document.images[*num*] will access the images in the order that they appear in the document (starting from 0). So, document.images[0] will access the first image, chronologically, in the document. However it has to be a number, not a name.

    So the proper fix should be to put this in the place of "if ((obj=MM_findObj(myImg))!=null)":

    Code:
    if(obj=document.images[x-1]!=null)
    This is assuming that your images are numbered in the order they appear, and that they start from 1.

    give it a try, let us know how you get on, and post anything else you want to.

    Robin.

    * Edit: By the way, if this works you can delete the line "myImg = "image" + x;" which is now redundant.

    * Edit 2: Actually, this won't work if you have *any* other images in the document, because it'll find them as well, so the image you're trying to reference won't have the correct reference number. I'll look into the problem and post again. sorry. (Although it was orc's idea not mine )
    Last edited by RahinRedBreast; 08-22-2005 at 03:29 PM.

  13. #13
    Join Date
    Aug 2005
    Posts
    3

    Post

    I have been taking a lot of things for granted which should really be questioned.

    I may be being stupid but I don't see why you need all the looping 98 times business. You can, as far as I can see, achieve exactly the same thing with this simple function (which won't take any time at all):

    Code:
    function showImg(myShow) {
        myImg = "image" + myShow;
        MM_findObj(myImg).style.visibility="visible";
    }
    Assuming that when you call 'showImg(1)' the image you are hoping to reveal will have the name tag "image1":

    HTML Code:
    <img src="..." name="image1" visibility="hidden" />
    If this is the case then this will work fine on it's own.
    Admittedly if there isn't an image with the corresponding name tag then it will throw the javascript error "MM_findObj(myImg) has no properties", but I assume that the method will only be called from static documents and therefore if the image doesn't exist you probably want it to throw an error to alert you anyway.

    Let me know if there's some reason why this won't work. And please do post those other problems of yours. I am in the process of learning JavaScript myself and I want some practice.

    Robin.
    Last edited by RahinRedBreast; 08-22-2005 at 03:26 PM.

  14. #14
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    how can jou cheat at games at javascrit

  15. #15
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    Montanatony, unless it's extremely badly written u can't. Now why don't you just play the games properly.

    Okay back to the main problem. Now, as I stated above, my little script doesn't really work. However I have a couple of options which will run faster than the current solution. I'll put the current solution here for reference:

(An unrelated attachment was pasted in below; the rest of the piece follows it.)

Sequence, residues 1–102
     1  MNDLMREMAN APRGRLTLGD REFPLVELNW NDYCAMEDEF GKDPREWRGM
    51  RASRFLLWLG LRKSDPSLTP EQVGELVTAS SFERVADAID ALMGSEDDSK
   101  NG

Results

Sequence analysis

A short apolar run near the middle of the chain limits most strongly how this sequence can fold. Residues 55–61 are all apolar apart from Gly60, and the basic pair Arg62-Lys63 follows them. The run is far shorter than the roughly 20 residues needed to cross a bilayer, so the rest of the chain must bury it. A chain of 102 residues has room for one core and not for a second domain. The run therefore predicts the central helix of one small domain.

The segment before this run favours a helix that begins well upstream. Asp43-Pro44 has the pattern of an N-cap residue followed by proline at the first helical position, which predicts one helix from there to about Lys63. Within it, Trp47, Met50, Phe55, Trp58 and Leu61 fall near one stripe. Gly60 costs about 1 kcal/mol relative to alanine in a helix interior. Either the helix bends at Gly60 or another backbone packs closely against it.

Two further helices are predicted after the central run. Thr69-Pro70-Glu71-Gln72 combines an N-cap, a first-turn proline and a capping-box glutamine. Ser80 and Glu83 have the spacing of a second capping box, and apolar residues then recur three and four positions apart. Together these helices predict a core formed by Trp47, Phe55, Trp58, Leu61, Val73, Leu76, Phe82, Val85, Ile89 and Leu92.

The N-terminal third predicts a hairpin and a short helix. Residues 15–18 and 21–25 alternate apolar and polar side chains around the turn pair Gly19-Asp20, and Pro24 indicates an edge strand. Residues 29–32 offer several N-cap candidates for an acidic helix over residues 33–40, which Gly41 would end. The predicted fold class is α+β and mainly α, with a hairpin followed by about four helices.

Code:
    function showImg(myShow)
    {
        var loopNum=99; 
        for (x=1; x<=(loopNum); x++) //1 based loop
        {
            myImg = "image" + x;
            if ((obj=MM_findObj(myImg))!=null)
            { 
                if (obj.style){obj=obj.style;}
                
                if (x == myShow)
                {//show it!
                    obj.visibility='visible';
                }else{//hide it!
                    obj.visibility='hidden';
                }
            }
        }
    }
    Okay, numero uno. I believe that this could run significantly faster just by moving the curly brace at the end of "if (obj.style){obj=obj.style;}" to encompass the whole of that block. Here is my (differently formatted) version of this solution:
    Code:
    function showImg(myShow) {
        var loopNum=99; 
        for (x=1; x<=(loopNum); x++) { //loop 99 times
            myImg = "image" + x; //create image name
            if (obj=MM_findObj(myImg)) { 
                if (obj.style){
                    obj=obj.style;
                    if (x == myShow) obj.visibility='visible';
                    else obj.visibility='hidden';
                }
            }
        }
    }
    My other idea was to go with the document.images idea but modify it so it would have the same functionality. This should be faster because it doesn't have to test every object in the document, just the images. Here it is:
    Code:
    function showImg(myShow) {
        myImg = "image" + myShow;
        var currentImg = document.images;
        var i = 0;
        while(currentImg[i]) {
            if(currentImg[i].name==myImg) currentImg[i].style.visibility="visible";
            else currentImg[i].style.visibility="hidden";
            i++;
        }
    }
    I believe this second solution should be faster, but I don't have a html page with 60 or so images to test it on, and I can't be bothered to make one. so try them out. It's easy, just copy the script exactly as it is from here and overwrite the current "showImg()" function in your javascript (making sure you've backed up first) and then post here to let me know if they work, and which is better,

    Robin.
    Last edited by RahinRedBreast; 08-22-2005 at 07:04 PM.